The recent warming trends in the Arctic may be linked to the increase in severe snowy weather in winter – as well as extreme rains in the summer – in the UK, according to a new study.
Climate scientists from the UK and the US analyzed data from extreme weather events over the last decade in the UK, and compared them with the position of the North Atlantic polar atmospheric jet stream using the North Atlantic Oscillation (NAO). The NAO is a measurement that indicates the position of the jet stream through a diagram that shows negative and positive spikes – similar to a heart monitor. The jet stream is an enormous current of air that flows east over mid-latitude regions around the planet.
During the extremely wet summers of 2007 and 2012 in the UK, the researchers found significantly negative readings of the NAO. These same readings showed up during the cold, snowy winters of 2009/2010 and 2010/2011. On the other hand, during the mild, wet, stormy UK winters of 2014/2014 and 2015/2016, the NAO showed notably positive spikes.
Furthermore, the researchers noted a correlation between the jet stream’s altered path during the past decade – known as jet stream ‘waviness’ – and an increase in Greenland high-pressure blocking, which is a phenomenon during the summer months that represents areas of high pressure that remain stationary over the Greenland region. These high-pressure areas distort the usual progression of storms across the North Atlantic.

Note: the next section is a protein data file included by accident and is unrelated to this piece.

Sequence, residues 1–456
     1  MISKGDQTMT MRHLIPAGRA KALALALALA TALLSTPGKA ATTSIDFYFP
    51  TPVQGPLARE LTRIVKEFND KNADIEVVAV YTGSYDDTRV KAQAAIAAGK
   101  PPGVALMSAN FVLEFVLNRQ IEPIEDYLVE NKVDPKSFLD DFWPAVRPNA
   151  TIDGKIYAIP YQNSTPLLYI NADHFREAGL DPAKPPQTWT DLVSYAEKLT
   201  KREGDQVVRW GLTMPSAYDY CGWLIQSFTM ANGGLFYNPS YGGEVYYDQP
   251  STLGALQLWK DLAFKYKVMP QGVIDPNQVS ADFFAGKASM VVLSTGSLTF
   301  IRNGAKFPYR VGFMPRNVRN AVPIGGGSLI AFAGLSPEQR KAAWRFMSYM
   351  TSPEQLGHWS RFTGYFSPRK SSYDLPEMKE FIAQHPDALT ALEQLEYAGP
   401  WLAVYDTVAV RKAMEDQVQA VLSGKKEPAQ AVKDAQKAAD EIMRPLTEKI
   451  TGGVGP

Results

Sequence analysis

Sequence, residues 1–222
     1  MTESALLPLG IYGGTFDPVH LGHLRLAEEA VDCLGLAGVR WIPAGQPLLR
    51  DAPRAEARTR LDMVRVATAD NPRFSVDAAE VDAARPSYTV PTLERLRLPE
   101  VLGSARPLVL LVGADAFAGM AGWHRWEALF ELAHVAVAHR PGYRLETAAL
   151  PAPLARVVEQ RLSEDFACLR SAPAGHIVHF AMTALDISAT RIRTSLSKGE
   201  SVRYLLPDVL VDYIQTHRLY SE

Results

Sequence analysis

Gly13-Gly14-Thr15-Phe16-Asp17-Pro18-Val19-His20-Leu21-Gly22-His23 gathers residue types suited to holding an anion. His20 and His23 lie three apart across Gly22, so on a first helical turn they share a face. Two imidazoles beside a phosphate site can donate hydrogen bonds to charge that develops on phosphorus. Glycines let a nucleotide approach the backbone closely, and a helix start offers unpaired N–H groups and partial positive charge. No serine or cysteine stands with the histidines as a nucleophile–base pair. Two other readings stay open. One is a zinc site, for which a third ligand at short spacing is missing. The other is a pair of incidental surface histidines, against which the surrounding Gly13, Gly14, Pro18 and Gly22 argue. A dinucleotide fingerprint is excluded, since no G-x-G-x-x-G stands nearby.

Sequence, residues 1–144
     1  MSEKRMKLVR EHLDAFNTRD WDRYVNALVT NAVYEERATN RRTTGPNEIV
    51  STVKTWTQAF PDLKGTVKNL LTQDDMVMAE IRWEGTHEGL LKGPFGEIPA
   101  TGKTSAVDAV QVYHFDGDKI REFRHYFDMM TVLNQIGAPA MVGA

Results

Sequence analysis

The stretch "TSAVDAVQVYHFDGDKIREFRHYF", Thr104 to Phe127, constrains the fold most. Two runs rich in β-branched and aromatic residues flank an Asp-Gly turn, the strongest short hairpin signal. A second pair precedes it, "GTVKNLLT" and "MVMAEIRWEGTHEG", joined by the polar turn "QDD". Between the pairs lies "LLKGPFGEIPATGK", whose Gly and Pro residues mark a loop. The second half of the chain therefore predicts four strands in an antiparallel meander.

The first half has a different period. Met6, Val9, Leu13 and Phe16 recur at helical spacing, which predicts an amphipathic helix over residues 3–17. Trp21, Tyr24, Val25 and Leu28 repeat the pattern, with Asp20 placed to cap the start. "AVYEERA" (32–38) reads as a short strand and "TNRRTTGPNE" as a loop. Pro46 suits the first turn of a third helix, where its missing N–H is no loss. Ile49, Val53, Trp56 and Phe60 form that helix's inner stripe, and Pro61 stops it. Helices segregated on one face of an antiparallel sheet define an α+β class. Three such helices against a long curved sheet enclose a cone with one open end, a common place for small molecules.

An increase in jet waviness is linked to a weakening of the jet stream, and the ‘blocking’ is associated with some of the most extreme UK seasonal weather events that have been experienced over the last decade.
It appears that increasing temperatures in the Arctic are influencing both the strength and path of the North Atlantic jet stream and the Greenland block phenomena. This suggests that these changes may be a major factor in the extreme weather conditions that the UK has experienced.
“In winter, a positive North Atlantic Oscillation (NAO) is linked with a more northward, vigorous jet and mild, wet, stormy weather over the UK, while a negative NAO tends to be associated with a more southerly-positioned jet and relatively cold and dry but sometimes snowy conditions,” says Edward Hanna, a professor of climate science and meteorology at the University of Lincoln’s School of Geography and an author of the study. “In summer the jet stream is displaced further north, so a positive NAO is typically associated with warm dry weather, while a negative NAO often corresponds to wetter, cooler UK weather conditions.”
Hanna assures that while weather in the UK is infamously variable, globally there has been a recent increase in high temperatures and heavy precipitation. The trend in the last decade has resulted in multiple record negative and positive December values of the NAO. While scientists are continuing to keep an eye on this, it’s clear that Arctic warming is having an influence on weather in more places than just the Arctic.